While thousands of kosher consumers in New York are left without protection from fraud, top state officials are headed in separate directions in their efforts to craft a new bill.
Days after the U.S. Supreme Court refused on Feb. 24 to hear an appeal that might have kept New York's constitutionally shaky statute alive, Assembly Speaker Sheldon Silver and Attorney General Eliot Spitzer announced the formation of a broad committee to study the implementation of a new law.
Organizers of a conference that would sensitize Orthodox wigmakers to signs of domestic abuse are working on rescheduling the Feb. 12 conference, which was postponed following a feature on the event in The Jewish Week. A source said the publicity had caused unspecified complications.
The conference was organized by several Jewish organizations with help from the Brooklyn District Attorney's office.
Recognizing that Orthodox women have close relationships with the women who style their wigs, it sought to train the wigmakers to counsel abuse victims.
In an unusual move, the City University of New York's chancellor overrode the administration of Brooklyn College Monday, awarding tenure to a controversial associate history professor.
Robert "K.C." Johnson, who has been teaching at the college three years, said he fell out of favor with colleagues after he complained that a faculty teach-in after 9-11 was biased against Israel and American foreign policy. Faculty members called him uncollegial.
A resolution calling for restraint on Iraq has once again pointed up sharp divisions in the views of City Council members where the Middle East is concerned.
It was unclear Tuesday whether the Council would vote on the resolution at its scheduled meeting the following day, as members were said to be divided on the issue. Council leaders generally avoid votes when the outcome is unclear.
As many as 17 states may have to join New York in reconfiguring kosher consumer enforcement legislation now that the U.S. Supreme Court has dealt a death blow to the Empire State's model, but long-troubled, law.
The high court on Monday declined to get involved in the case between a Long Island kosher butcher and the state's Department of Agriculture and Markets.
One day after the worst blizzard in seven years hit New York City, the Queens Jewish Community Council was open for business, ready to assist the elderly or otherwise needy who may be having a rough time coping with the snow.
"We specifically wanted to be there in case people would call and say I don't have food," said council director Manny Behar. "It's happened in the past. But this time we didn't get any calls like that." In fact, it was all quiet all day at Beharís Forest Hills offices.
Ethel Berman, 82, walks with a cane and her vision is so poor she needs help placing her hand on the spot where she is supposed to sign a check.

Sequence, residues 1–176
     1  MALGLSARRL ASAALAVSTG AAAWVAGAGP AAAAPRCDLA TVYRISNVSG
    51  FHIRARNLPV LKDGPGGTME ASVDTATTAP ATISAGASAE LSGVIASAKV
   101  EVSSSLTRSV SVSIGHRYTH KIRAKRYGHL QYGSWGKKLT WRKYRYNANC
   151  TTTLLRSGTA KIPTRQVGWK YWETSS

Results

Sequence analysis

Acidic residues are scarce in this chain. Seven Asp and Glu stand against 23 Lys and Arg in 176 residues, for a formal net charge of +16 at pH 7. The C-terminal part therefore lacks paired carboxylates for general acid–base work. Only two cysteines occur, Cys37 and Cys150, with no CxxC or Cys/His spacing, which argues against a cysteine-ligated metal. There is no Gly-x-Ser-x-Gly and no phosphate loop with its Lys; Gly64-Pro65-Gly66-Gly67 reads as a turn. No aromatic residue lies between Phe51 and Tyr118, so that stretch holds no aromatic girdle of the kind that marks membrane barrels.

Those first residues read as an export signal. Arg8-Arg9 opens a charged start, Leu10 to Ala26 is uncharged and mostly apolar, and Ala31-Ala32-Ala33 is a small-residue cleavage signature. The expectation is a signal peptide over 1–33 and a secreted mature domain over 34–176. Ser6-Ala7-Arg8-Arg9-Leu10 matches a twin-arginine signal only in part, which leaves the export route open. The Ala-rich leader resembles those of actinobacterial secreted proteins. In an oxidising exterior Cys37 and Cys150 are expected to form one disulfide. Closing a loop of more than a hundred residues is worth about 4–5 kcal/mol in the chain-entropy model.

But Berman is proud to be living at the Warbasse apartments in Brighton Beach, Brooklyn, where she not only takes care of herself but volunteers to organize programs to benefit other residents of the heavily senior-citizen complex at the corner of Ocean Parkway and Neptune Avenue.
"This is the closest thing to being independent," said Berman, who has been living at Warbasse since it was built in the early 1960s.
Developing a joint anti-ballistic defense system should be the "centerpiece" of strategic cooperation between the United States and Israel, Sen. Barbara Mikulski told Jewish leaders and elected officials Sunday.
The Maryland Democrat, saying the Patriot batteries deployed during the 1991 Gulf war were not sufficiently accurate, said the two countries must work to develop "new smart weapons" such as the Arrow system or a tactical laser that would shoot down missiles, whether launched by Iraq or Hezbollah guerrillas on Israel's northern border.
After a year as the unlikeliest mayor in New York history, Michael Bloomberg, whose wealth would make him a formidable contender for almost any other office, says he'll end his political career once his stint in City Hall is over.
"This is it for me," Bloomberg told The Jewish Week. "My next career will be running a private foundation, which I will create, and I'm looking forward to that."
Los Angeles (JTA): The last five Jews held in an Iranian prison on charges of spying for Israel have been released on "vacation," although it remains uncertain whether they will be permanently freed.
The five were among 13 Jews arrested on spy charges in early 1999.
In a case that drew worldwide attention, they were tried in the southern city of Shiraz, and 10 received prison sentences. Five already have been released after serving some of their time. Israel denies the men were its spies.